WATERTOWN — Amid the dark skies and drizzle of rain, a large white delivery truck pulled up to a warehouse in Watertown around 8 a.m. Monday to deliver 73,248 rolls of donated Cottonelle toilet paper from maker Kimberly-Clark.
In late March, Kimberly-Clark announced a program to donate one million rolls of Cottonelle toilet paper to the United Way Worldwide COVID-19 relief effort; and on April 23, United Way of Northern New York was informed that it was selected as one of eight recipients out of the nearly 1,200 United Way organizations operated throughout the country to receive a part of the one million rolls.
Kimberly-Clark has donated 73,000+ rolls of Cottonelle toilet paper to the United Way of Northern New York! Here, Jamie Cox, CEO of the UWNNY, drives a forklift this morning to unload the TP off of a truck. @wdtnews pic.twitter.com/L1aVcBAfOu— sydney schaefer (@sydneydschaefer) May 11, 2020
“When I talked to the folks at United Way Worldwide, what they saw was us in a rural area doing phenomenal, aggressive things to improve the lives of people during this crisis,” Jamie Cox, UWNNY CEO, said. “We’re a unique operation with regards to the distribution center, they see we’re affecting rural and impoverished communities and appreciated the impact we’re having overall regionally, not on just one village or town.”
Since March 23, UWNNY has been operating a distribution center to support nonprofit organizations throughout Jefferson, Lewis, and St. Lawrence Counties with critical items. To date, over 100,000 items have been distributed to 30 nonprofit agencies that provide services to 25 different communities in the north country.
Around noon on Monday, UWNNY workers facilitated pickups for those local organizations from their large distribution center in Watertown. Natasha Gamble, project manager at the UWNNY, has been with the organization for two years this month, and said it was shocking when they found out that the UWNNY had been chosen to receive a Cottonelle delivery.
“Because we’re in northern New York I feel like we’re pretty unheard of, but it’s amazing that they heard about what we’re doing and we have such a big impact on the community,” she said. “I hope people hear about us and reach out to their local pantries for supplies.”
Like a well-oiled machine, Ms. Gamble, along with fellow UWNNY workers Clement Wong and Kaitlyn Schwab, readied orders tirelessly despite the chill in the air, preparing each one as the last was taken in order to make the pickups as seamless as possible. Occasionally overseeing their progress was Mushu, a golden colored dog with a pink collar and sweet demeanor, who was comfortable roaming around the distribution center due to the fact that her owner works in the building. She was jokingly dubbed the “United Way mascot” by those loading nonprofit trucks under her watchful eye.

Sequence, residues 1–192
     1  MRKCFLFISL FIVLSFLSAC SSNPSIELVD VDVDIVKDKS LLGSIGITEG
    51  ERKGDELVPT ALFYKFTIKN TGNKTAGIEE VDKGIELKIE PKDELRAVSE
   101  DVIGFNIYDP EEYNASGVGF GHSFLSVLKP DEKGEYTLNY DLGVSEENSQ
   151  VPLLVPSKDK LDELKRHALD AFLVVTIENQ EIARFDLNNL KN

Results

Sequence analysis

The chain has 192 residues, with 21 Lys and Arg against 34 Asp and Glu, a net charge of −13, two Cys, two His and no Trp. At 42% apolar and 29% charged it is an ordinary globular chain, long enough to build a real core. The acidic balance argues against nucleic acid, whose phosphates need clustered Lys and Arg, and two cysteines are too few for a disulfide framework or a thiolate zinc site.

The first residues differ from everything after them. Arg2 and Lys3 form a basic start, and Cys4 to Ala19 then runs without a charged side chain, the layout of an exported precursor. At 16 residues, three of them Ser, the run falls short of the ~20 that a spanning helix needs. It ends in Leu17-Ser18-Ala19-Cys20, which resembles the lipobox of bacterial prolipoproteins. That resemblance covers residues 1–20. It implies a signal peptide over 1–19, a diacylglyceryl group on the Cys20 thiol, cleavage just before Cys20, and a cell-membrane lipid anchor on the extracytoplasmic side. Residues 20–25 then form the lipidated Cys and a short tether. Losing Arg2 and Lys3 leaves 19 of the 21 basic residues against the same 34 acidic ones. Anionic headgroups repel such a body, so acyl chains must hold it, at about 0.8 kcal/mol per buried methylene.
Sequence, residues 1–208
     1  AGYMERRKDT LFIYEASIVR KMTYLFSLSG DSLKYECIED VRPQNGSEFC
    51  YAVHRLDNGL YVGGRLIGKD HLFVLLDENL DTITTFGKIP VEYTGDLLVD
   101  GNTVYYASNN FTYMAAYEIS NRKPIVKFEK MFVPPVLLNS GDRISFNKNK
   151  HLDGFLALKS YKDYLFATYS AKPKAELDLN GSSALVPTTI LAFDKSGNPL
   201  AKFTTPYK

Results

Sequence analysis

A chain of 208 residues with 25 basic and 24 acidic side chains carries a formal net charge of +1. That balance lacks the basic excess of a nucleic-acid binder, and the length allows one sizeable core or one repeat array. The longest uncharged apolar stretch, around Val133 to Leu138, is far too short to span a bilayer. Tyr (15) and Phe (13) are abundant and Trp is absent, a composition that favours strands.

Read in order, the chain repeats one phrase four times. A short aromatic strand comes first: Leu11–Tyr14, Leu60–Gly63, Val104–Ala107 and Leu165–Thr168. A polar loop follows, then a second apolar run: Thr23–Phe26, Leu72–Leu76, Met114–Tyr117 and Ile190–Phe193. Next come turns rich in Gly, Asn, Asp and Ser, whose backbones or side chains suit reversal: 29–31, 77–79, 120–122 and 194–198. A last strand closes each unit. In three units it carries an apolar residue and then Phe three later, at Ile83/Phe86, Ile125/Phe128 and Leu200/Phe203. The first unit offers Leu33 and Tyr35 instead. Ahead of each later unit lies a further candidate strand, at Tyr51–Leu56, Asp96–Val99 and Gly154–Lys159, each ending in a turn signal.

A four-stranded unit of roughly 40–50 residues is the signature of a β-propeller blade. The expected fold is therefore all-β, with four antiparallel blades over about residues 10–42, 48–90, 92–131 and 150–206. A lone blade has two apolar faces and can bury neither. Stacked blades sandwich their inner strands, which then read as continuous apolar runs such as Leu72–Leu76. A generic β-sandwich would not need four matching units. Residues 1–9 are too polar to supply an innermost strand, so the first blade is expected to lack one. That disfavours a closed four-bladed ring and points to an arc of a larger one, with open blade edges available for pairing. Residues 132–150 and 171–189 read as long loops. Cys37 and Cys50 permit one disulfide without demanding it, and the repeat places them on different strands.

Along with toilet paper, other needed items such as diapers, baby food, hand sanitizer, cleaning supplies and more were stored in the center, ready to be loaded into the various vehicles of different organizations and distributed to those in need.
First pickup of the day was the Watertown Urban Mission which was also the largest, with 50 cases of toilet paper, as well as hand sanitizer and other items.
According to Dawn Cole, executive director of the Watertown Urban Mission, supplies from the UWNNY during the course of the COVID-19 pandemic have saved the organization thousands of dollars at a time where it didn’t have that money on hand to purchase supplies like diapers, household cleaning products and personal care items, all of which are greatly needed as more people are out of work and struggling to get by.
Each partner organization of the UWNNY is provided with an order form on Fridays, which they then turn in over the weekend in order to receive the supplies they asked for the next week.
“Today was a big score — Cottonelle and hand sanitizer,” Ms. Cole said. “When somebody calls and they need food and supplies we talk to them over the phone and put together their supply box based on their needs. Toilet paper is the number one top requested thing besides food, with hand sanitizer probably second.”
Other organizations picking up items were the Community Action Planning Council, the Alex Bay Food Pantry, and the Resolution Center of Jefferson County, among others.
“The fact that we were chosen as one of eight speaks to the organization as a whole,” Mr. Cox said. “I think that our organization is very passionate and very innovative when it comes to how we can best help the community day by day or week by week during this crisis.”
To support UWNNY’s Crisis Fund, which is used to purchase and distribute critical goods and to provide additional funding to essential nonprofit partners, go to www.unitedwaynny.org/crisisfund.